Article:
Today, if a party does not pay child support and is found to be in arrears, interest is automatically awarded via statute. However, prior to an Illinois Supreme Court ruling in 2011, child support interest was not considered mandatory. Rather, Illinois Courts had the discretion to award interest on back child support, but were not required to award child support. On May 1, 1987, the Illinois General Assembly enacted Public Act 85-2, which amended the law to state that child support judgments shall bear interest. Although the law was changed in 1987, for several years there was some confusion on whether the law made interest mandatory as of 1987, or if it remained discretionary as before. This was clarified when the Supreme Court of Illinois ruled in Ill. Dep’t of Healthcare v. Wiszowaty that the imposition of interest on unpaid child support became mandatory on May 1, 1987 when Public Act 85-2 was enacted. Prior to May 1, 1987, the imposition of interest on unpaid child support was discretionary.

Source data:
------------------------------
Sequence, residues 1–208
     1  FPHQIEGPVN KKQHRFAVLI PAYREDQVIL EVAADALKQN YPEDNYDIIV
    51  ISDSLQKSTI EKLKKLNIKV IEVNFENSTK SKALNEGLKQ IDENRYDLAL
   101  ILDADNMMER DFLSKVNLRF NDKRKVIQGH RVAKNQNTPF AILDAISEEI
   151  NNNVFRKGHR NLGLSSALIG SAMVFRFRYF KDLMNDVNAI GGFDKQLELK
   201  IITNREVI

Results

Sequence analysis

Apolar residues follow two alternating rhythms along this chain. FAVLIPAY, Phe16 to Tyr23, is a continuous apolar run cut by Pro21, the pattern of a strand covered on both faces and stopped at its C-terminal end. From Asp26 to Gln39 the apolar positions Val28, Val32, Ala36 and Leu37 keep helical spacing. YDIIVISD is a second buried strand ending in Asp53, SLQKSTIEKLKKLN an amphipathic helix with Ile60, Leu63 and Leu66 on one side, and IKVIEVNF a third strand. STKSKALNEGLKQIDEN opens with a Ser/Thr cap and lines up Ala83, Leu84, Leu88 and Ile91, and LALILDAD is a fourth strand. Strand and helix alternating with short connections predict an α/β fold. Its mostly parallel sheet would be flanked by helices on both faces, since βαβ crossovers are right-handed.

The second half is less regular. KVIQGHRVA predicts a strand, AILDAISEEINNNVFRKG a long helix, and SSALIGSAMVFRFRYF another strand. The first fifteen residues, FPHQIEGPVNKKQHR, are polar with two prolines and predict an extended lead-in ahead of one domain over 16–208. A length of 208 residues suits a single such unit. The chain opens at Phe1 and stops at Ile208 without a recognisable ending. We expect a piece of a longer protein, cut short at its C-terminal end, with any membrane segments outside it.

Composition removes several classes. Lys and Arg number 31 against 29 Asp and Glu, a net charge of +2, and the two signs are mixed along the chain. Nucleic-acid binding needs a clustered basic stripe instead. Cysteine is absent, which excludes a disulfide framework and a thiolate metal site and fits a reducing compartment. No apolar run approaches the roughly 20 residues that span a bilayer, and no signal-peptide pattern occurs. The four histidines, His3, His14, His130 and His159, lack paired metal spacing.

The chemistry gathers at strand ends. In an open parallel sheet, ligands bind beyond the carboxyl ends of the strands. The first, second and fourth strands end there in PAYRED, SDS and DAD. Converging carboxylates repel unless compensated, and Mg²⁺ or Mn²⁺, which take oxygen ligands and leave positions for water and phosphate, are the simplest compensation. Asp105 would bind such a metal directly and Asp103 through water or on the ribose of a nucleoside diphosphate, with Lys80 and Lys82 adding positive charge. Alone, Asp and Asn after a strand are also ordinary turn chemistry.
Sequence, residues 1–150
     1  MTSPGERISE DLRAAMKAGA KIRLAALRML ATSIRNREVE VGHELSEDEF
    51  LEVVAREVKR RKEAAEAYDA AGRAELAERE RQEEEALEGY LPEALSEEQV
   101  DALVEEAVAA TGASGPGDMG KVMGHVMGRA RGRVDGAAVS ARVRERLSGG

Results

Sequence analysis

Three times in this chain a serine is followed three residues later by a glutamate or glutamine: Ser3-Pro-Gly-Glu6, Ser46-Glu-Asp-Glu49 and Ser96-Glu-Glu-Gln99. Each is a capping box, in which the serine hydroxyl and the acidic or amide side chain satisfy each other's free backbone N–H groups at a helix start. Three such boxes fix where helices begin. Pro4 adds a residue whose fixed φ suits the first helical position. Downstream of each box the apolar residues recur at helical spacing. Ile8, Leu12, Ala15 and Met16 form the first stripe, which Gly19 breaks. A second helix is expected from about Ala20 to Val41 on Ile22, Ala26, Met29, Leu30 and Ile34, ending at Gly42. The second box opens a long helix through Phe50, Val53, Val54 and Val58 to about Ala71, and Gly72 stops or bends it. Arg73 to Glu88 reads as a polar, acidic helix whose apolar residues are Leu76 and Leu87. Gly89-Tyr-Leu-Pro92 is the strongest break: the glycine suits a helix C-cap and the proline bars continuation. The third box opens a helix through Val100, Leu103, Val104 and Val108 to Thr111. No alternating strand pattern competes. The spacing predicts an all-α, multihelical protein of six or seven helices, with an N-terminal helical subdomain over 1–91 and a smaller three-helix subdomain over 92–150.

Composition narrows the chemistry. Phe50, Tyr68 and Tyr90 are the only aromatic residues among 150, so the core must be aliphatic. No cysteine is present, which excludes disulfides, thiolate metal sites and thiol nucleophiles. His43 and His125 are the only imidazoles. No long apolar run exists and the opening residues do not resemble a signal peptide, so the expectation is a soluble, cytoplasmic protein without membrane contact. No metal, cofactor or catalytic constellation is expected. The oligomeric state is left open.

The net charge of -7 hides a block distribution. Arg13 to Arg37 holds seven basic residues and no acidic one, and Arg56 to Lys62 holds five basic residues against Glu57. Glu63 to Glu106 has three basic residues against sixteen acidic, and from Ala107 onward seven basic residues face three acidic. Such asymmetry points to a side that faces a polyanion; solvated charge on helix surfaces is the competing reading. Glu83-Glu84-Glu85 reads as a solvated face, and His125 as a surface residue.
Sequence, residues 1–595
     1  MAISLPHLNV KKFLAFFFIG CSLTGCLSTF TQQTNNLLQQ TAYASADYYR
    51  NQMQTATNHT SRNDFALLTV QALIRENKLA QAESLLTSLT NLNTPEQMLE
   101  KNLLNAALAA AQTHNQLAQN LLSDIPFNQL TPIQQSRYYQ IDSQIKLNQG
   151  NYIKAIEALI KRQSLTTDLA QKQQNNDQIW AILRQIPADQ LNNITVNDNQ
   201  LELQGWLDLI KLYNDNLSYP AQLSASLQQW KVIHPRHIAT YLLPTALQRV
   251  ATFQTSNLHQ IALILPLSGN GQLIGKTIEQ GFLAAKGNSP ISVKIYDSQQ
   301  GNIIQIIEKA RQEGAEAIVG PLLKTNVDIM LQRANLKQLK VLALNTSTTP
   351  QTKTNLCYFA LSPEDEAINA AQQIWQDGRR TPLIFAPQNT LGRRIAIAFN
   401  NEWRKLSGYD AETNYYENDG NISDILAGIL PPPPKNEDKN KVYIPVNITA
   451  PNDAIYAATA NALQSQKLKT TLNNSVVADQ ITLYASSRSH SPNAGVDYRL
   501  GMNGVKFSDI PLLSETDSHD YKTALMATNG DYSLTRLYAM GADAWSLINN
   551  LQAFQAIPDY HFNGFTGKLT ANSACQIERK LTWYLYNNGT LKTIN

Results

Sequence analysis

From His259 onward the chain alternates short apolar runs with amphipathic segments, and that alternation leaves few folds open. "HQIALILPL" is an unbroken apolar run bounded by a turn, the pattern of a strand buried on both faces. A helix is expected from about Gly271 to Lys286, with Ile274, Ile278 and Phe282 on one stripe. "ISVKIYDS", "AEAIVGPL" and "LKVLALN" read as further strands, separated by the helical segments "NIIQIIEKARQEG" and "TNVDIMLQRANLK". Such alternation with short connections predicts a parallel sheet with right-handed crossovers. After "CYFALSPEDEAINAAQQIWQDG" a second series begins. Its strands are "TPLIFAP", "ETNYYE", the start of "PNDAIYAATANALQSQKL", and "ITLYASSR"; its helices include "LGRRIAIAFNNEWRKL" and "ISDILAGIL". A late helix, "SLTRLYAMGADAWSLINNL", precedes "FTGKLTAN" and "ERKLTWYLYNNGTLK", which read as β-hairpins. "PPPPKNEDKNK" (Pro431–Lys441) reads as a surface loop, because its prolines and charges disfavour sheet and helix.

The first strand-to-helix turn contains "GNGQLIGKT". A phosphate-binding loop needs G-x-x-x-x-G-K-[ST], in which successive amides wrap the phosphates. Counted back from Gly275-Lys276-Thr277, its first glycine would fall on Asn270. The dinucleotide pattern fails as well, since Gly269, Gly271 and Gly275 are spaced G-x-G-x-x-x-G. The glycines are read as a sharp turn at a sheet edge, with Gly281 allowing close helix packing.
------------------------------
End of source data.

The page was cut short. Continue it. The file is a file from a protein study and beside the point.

Public Act 85-2 amended the Illinois Marriage and Dissolution of Marriage Act to state that all support orders shall be deemed to be a series of judgments against the person obligated to pay support. The Act further amended the Illinois Code of Civil Procedure to state that “every judgment arising by operation of law from a child support order shall bear interest as provided in Section 2–1303 commencing 30 days from the effective date of each judgment.” Under Section 2-1303 of the Illinois Code or Civil Procedure, interest on child support is calculated at a rate of “9% per annum” from the date of the judgment until satisfied. As a result, child support begins to accrue interest 30 days after it is due. This essentially gives the party owing the child support a thirty day grace period to pay the support without accruing any interest. The interest is then calculated at “9% per annum” by taking one-twelfth of the 9% of the total back child support. This calculation can be very complex and is not something one should try on their own unless they are well versed in the law. If you feel that you are owed back child support plus interest, please feel free to contact our office for a consultation.